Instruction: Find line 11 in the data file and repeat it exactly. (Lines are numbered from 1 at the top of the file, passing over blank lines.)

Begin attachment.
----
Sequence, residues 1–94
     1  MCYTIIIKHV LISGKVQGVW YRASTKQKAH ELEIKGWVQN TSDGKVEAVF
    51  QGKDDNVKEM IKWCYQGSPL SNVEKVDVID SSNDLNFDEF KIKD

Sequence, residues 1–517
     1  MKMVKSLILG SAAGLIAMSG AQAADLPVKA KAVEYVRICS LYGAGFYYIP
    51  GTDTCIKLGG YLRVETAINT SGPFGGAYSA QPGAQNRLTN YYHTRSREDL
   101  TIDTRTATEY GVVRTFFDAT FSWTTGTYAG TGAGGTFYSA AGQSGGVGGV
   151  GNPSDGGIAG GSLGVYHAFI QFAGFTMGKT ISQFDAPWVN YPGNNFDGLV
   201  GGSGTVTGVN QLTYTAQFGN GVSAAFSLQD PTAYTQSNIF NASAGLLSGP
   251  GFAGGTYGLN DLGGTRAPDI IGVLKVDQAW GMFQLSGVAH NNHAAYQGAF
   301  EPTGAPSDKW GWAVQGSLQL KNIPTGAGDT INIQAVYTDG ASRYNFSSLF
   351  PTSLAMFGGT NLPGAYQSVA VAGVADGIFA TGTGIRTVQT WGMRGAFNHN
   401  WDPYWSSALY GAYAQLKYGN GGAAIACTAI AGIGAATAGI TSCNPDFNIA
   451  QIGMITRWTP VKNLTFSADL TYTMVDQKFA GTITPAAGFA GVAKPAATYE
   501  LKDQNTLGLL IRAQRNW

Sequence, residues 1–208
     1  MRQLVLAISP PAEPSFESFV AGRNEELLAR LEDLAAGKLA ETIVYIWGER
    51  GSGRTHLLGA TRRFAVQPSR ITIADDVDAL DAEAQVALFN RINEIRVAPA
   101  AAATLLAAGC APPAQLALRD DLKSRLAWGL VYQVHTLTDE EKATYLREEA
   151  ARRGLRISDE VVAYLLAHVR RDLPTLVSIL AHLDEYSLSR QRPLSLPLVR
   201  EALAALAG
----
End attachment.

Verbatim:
   301  EPTGAPSDKW GWAVQGSLQL KNIPTGAGDT INIQAVYTDG ASRYNFSSLF